Building upon a gateway course, students in the major design a concentration of upper-level courses (often following either a social science or humanities track) and conclude with a senior seminar capstone. Our majors work closely with faculty advisors who encourage students to pursue academic honors by writing a senior thesis and to pursue pre-professional internships. Our two interdisciplinary minors, one in Gender, Sexuality, and Women's Studies and the other in Sexuality and Gender Identity Studies, are open to all students from across the UVM community.
One major, multiple perspectives.
The Gender, Sexuality, and Women's Studies Program at UVM offers students an opportunity to think about sex, gender, gender identity and other forms of difference over time and across cultures. The students and faculty of GSWS draw from the social sciences, the physical sciences, the humanities and creative arts to pursue research on questions about gender (the social meaning of the distinctions among sexes) and sexuality (sexual identities, discourses, and institutions). We ask: How have gender and sexual roles been created? How and why are they sustained? Who has benefited from these roles and who has been disadvantaged? How have experiences of sex, gender, sexuality, and gender identity differed by race, (dis)ability, nationality, language, social class, sexual identity? How have these issues changed over time? In what ways are they experienced differently in the United States and in other countries?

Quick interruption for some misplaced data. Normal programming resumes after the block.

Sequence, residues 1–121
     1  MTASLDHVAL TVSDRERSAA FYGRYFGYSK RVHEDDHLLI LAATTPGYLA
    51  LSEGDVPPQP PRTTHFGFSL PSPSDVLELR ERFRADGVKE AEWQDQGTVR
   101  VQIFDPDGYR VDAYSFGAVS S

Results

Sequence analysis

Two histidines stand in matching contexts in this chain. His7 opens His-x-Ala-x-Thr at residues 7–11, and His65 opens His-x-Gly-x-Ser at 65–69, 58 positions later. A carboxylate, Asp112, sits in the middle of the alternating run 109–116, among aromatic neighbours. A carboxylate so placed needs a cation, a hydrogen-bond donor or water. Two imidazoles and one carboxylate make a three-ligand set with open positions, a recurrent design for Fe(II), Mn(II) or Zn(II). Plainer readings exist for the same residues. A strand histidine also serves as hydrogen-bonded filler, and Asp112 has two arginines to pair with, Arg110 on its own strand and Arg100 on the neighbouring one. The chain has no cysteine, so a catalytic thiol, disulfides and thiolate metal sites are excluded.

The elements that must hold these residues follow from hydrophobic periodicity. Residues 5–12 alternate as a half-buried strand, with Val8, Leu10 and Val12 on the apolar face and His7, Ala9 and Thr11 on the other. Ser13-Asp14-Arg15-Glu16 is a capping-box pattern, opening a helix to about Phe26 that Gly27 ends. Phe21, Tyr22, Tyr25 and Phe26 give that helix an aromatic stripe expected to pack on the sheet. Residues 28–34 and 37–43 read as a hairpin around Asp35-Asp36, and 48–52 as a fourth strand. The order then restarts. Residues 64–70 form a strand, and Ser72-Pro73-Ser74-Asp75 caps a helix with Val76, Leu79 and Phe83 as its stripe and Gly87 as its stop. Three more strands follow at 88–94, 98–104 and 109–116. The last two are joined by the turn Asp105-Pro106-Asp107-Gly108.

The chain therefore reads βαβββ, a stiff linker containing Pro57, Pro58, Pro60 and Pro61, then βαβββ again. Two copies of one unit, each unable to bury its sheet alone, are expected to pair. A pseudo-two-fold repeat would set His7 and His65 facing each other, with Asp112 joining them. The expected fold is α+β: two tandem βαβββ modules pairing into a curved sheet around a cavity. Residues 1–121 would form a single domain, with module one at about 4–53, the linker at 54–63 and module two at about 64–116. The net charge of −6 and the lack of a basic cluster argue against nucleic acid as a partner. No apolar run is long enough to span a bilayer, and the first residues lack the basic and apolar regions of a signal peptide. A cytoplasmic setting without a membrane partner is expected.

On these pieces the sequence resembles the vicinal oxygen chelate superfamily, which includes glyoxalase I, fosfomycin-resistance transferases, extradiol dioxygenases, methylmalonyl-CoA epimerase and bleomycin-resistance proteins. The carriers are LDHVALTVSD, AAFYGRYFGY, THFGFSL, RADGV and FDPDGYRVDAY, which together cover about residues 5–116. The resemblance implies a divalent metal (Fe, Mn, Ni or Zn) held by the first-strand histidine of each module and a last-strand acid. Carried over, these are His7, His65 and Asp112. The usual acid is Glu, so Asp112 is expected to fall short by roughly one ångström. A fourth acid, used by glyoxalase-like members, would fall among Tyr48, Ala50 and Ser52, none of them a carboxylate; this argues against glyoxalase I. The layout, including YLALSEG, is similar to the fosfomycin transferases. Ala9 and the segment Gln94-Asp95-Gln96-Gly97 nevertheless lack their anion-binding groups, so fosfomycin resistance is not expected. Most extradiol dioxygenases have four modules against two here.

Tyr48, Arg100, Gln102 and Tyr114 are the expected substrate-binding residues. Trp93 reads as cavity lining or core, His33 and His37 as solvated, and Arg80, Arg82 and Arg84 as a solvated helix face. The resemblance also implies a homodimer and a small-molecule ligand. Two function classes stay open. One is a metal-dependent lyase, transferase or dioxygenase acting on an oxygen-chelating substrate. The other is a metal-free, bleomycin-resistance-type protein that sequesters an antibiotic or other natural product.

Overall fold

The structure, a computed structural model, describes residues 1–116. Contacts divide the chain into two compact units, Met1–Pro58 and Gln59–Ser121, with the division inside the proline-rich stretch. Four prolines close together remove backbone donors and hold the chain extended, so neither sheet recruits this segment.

Education of an advocate
Charlie Parker Gliserman of Round Lake, N.Y., engaged their passion for social justice through majors in gender, sexuality, and women's studies (GSWS) and political science at UVM. This May, they accepted the GSWS Outstanding Senior Award for a student who “embodies a combination of theory and activism, as well as for academic excellence in GSWS.” After graduation, Gliserman began work at the Center for Reproductive Rights, supporting development and legal work in the New York City office.
In high school, Gliserman began learning lessons about leadership and activism as a student, faculty, and administration senator, then as its president their senior year. They also led diversity trainings through A World of Difference and advocated for comprehensive, LGBTQ+-inclusive sex education curriculum.
At UVM, they gravitated towards GSWS and political science as a perfect pairing of majors to pursue their interests in LGBTQ+ advocacy and public policy. They further cultivated this interest through working at the UVM LGBTQA Center and interning at the New York State Assembly in Albany, N.Y., Planned Parenthood of Northern New England in Colchester, Vt., and the U.S. Congress and Human Rights First in Washington, DC.
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